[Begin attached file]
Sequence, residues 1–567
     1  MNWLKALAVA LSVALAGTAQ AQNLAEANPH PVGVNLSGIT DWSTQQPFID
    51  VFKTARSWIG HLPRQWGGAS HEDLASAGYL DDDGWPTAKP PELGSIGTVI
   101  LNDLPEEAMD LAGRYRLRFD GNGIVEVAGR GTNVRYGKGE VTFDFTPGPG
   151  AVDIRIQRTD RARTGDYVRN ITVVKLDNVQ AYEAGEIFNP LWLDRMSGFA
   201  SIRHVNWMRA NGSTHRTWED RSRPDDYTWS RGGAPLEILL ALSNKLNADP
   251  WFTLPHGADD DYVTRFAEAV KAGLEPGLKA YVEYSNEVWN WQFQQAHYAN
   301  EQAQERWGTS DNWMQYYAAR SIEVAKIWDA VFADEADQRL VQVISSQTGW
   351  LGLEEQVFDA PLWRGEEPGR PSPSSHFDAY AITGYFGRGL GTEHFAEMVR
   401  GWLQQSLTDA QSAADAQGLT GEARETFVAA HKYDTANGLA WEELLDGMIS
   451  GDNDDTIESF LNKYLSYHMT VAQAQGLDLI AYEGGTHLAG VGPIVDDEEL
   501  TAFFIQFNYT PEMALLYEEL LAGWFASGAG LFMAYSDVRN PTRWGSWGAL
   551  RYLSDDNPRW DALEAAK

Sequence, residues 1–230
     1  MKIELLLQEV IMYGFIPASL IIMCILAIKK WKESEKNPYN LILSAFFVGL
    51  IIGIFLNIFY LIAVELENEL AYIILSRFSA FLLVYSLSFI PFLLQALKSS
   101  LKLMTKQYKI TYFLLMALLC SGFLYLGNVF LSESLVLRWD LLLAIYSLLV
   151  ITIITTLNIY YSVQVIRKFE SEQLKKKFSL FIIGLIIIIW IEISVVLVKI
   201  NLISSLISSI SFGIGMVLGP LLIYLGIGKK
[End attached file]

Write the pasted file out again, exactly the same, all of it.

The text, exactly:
Sequence, residues 1–567
     1  MNWLKALAVA LSVALAGTAQ AQNLAEANPH PVGVNLSGIT DWSTQQPFID
    51  VFKTARSWIG HLPRQWGGAS HEDLASAGYL DDDGWPTAKP PELGSIGTVI
   101  LNDLPEEAMD LAGRYRLRFD GNGIVEVAGR GTNVRYGKGE VTFDFTPGPG
   151  AVDIRIQRTD RARTGDYVRN ITVVKLDNVQ AYEAGEIFNP LWLDRMSGFA
   201  SIRHVNWMRA NGSTHRTWED RSRPDDYTWS RGGAPLEILL ALSNKLNADP
   251  WFTLPHGADD DYVTRFAEAV KAGLEPGLKA YVEYSNEVWN WQFQQAHYAN
   301  EQAQERWGTS DNWMQYYAAR SIEVAKIWDA VFADEADQRL VQVISSQTGW
   351  LGLEEQVFDA PLWRGEEPGR PSPSSHFDAY AITGYFGRGL GTEHFAEMVR
   401  GWLQQSLTDA QSAADAQGLT GEARETFVAA HKYDTANGLA WEELLDGMIS
   451  GDNDDTIESF LNKYLSYHMT VAQAQGLDLI AYEGGTHLAG VGPIVDDEEL
   501  TAFFIQFNYT PEMALLYEEL LAGWFASGAG LFMAYSDVRN PTRWGSWGAL
   551  RYLSDDNPRW DALEAAK

Sequence, residues 1–230
     1  MKIELLLQEV IMYGFIPASL IIMCILAIKK WKESEKNPYN LILSAFFVGL
    51  IIGIFLNIFY LIAVELENEL AYIILSRFSA FLLVYSLSFI PFLLQALKSS
   101  LKLMTKQYKI TYFLLMALLC SGFLYLGNVF LSESLVLRWD LLLAIYSLLV
   151  ITIITTLNIY YSVQVIRKFE SEQLKKKFSL FIIGLIIIIW IEISVVLVKI
   201  NLISSLISSI SFGIGMVLGP LLIYLGIGKK